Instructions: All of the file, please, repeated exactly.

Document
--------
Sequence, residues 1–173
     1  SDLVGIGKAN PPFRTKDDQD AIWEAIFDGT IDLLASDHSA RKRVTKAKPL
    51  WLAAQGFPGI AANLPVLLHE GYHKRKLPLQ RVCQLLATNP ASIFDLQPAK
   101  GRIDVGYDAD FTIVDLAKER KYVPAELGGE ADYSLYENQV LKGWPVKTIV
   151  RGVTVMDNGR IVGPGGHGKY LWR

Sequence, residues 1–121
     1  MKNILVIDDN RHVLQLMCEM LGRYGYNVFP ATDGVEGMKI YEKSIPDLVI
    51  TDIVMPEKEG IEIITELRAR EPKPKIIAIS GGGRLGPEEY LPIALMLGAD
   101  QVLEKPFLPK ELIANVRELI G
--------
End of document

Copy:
Sequence, residues 1–173
     1  SDLVGIGKAN PPFRTKDDQD AIWEAIFDGT IDLLASDHSA RKRVTKAKPL
    51  WLAAQGFPGI AANLPVLLHE GYHKRKLPLQ RVCQLLATNP ASIFDLQPAK
   101  GRIDVGYDAD FTIVDLAKER KYVPAELGGE ADYSLYENQV LKGWPVKTIV
   151  RGVTVMDNGR IVGPGGHGKY LWR

Sequence, residues 1–121
     1  MKNILVIDDN RHVLQLMCEM LGRYGYNVFP ATDGVEGMKI YEKSIPDLVI
    51  TDIVMPEKEG IEIITELRAR EPKPKIIAIS GGGRLGPEEY LPIALMLGAD
   101  QVLEKPFLPK ELIANVRELI G